Mnatsakonov spends much of his time at home in his library, at the computer or reading. All but two of the books are in Russian, with the words written in the Cyrillic alphabet. The two in English are Red Wings books written and published by The Detroit News after the team won the Stanley Cup.
"Sergei likes history," says Elena, displaying a thick, encyclopedic type of book. "About people, events and dates. You can read here about America. About all countries, old presidents."
On the cover are pictures of Sitting Bull, Mahatma Gandhi, Winston Churchill, John F. Kennedy, Albert Einstein, Abraham Lincoln, Martin Luther King and Queen Elizabeth I.
Sergei's books are in Russian, but Elena says he understands English. Sergei nods.
"Is that correct? You understand what I'm saying, that the Red Wings were terrible in the playoffs?" asks his visitor.
"No terrible," responds Sergei, true to the Red Wings.
Quite often, when the weather is sunny, Elena takes Sergei through the neighborhood in his wheelchair. Their lawn is immaculate. Its beauty, its neatness, puts some of the neighbors' front lawns to shame. This writer, who lives two houses from the Mnatsakonovs, compliments them on the care of their home.
The grass is lush and trimmed. A bed of flowers decorates the front of the house. There have been additions built, a room for Sergei in which he can relax and can be helped into the wheelchair. A new garage has been built. A barbecue pit.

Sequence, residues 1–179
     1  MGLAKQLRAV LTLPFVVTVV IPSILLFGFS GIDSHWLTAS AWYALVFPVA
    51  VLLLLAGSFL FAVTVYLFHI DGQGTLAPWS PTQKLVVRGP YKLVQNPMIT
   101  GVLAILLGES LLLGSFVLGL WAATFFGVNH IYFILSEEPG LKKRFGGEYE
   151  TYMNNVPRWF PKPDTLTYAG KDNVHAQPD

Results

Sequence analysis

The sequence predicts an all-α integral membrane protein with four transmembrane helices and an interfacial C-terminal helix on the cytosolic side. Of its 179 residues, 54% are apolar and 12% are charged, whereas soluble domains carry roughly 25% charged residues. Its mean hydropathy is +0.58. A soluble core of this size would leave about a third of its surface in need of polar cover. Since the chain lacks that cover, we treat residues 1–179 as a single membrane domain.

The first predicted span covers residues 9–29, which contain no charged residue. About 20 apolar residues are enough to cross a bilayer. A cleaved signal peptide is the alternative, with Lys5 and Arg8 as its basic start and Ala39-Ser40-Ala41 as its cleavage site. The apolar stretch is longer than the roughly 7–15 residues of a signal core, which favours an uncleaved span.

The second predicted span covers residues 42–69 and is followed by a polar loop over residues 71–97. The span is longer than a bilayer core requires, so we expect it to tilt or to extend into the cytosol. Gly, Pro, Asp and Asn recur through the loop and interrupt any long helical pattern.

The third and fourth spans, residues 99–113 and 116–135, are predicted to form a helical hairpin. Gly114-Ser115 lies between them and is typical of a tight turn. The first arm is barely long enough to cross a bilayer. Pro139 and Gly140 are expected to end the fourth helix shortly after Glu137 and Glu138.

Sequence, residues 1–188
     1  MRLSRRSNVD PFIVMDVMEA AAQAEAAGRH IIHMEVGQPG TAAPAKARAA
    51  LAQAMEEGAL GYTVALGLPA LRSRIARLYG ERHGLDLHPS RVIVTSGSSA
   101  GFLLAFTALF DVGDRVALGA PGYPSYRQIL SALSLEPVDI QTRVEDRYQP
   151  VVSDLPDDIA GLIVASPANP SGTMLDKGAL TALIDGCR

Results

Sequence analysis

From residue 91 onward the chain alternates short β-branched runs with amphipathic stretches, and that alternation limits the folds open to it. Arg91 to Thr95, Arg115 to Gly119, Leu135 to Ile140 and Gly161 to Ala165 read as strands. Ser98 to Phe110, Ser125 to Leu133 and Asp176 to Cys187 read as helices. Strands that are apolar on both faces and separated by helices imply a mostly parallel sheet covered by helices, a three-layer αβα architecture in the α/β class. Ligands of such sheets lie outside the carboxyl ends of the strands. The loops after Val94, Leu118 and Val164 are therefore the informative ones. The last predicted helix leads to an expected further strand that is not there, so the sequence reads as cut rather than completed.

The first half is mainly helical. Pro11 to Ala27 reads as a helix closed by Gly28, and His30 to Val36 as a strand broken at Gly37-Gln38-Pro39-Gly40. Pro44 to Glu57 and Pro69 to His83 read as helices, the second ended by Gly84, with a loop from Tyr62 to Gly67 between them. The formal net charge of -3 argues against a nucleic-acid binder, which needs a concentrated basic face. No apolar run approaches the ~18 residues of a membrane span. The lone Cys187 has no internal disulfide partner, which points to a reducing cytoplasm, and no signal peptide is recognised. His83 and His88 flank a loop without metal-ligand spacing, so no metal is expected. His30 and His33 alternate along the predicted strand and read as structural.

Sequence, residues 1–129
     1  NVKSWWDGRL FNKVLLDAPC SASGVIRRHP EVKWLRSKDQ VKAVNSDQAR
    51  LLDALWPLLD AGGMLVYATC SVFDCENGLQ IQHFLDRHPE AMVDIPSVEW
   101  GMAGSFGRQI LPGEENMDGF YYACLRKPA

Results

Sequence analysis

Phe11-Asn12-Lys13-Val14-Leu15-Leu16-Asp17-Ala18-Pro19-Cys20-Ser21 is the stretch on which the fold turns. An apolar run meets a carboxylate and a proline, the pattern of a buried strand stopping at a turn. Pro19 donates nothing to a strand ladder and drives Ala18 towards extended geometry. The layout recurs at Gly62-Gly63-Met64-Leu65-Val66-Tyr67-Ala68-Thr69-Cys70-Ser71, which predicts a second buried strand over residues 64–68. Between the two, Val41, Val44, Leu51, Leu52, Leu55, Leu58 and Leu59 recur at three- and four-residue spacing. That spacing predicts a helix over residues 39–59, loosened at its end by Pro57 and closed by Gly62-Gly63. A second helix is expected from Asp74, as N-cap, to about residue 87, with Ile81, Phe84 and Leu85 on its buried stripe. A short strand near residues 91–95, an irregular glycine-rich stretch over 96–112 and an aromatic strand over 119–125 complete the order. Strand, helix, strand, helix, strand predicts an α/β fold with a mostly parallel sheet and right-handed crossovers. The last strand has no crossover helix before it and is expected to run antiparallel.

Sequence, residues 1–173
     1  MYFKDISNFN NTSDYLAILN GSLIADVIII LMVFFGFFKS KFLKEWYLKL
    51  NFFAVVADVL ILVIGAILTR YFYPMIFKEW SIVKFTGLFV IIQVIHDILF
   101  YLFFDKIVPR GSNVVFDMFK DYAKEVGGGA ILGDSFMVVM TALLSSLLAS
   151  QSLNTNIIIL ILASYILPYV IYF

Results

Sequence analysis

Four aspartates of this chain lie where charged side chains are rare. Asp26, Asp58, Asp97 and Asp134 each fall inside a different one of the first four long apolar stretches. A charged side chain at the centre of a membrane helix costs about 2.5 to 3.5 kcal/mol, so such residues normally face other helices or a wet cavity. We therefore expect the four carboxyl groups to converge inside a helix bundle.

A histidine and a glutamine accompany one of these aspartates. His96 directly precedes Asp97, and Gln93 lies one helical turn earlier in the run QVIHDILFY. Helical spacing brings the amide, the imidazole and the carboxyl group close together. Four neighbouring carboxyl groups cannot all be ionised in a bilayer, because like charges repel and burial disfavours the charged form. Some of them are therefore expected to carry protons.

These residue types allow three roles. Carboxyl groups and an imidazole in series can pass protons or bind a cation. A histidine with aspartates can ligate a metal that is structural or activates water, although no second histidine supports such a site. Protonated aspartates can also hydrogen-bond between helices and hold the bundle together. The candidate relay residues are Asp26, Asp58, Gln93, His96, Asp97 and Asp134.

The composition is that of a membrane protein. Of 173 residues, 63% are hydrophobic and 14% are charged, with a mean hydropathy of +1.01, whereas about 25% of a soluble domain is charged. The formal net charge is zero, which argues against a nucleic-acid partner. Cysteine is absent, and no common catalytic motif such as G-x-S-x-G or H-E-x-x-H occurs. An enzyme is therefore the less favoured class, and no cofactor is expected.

Much of improvements have been orchestrated and overseen by Al Sobotka, the maintenance supervisor of Joe Louis Arena.
"Oh, Al Sobotka, best friend," Elena says. "You know, Sergei call him 'general manager.' Our family's general manager.
"I don't like to call busy people with my problem. I like to decide my problem myself. But I can call him twice a day. And he help me twice a day."
A month ago, with the Red Wings gone so quickly from the playoffs, Sobotka called Elena.
"He calls me, 'What plans do you have for Sergei?'" she says. "'I don't have plan for Sergei.' He said, 'OK, let's do barbecue here for him. And I will help you.'
"Igor Larionov came to the barbecue. Dave Lewis came."
'His own way'
As Mnatsakonov sits in his wheelchair, goes about town driven by Elena, works on his computer, watches news live from Moscow, another auto accident has afflicted the Red Wings. Three such crashes now have injured members of the organization, two in Russia and the one in Michigan.
Igor Grigorenko, the Red Wings' 20-year-old prize prospect, remains hospitalized with severe injuries in Russia, stemming from a crash. Before the crash that destroyed the careers of Mnatsakonov and Konstantinov, Vyacheslav Kozlov was badly injured in a car accident. As with Fetisov, Kozlov recovered to play again and contribute to the Red Wings' run of Stanley Cup championships.
A tragic coincidence, three such crashes. It is a subject the Mnatsakonovs are not inclined to discuss. "It's not good for team," is all Sergei says.
The visitor mentions another auto accident involving a famed Russian hockey player, the great Valeri Kharlamov. Kharlamov died in his accident many years ago, in the then Soviet Union.
"Kharlamov wasn't driver," Elena says. "His wife was driving."
Then Elena adds about the devastating crash that injured her husband one week after the Red Wings had won the Stanley Cup in June 1997: "Maybe, you know, God take best people. Maybe Sergei not good enough for God. He's good enough for me.
"At hospital, I touch him. He was warm. I hug his hands, and I say, 'Now you will be with me. I will not give you chance to go away.'
"Every person, when he was born, he has his own way in life."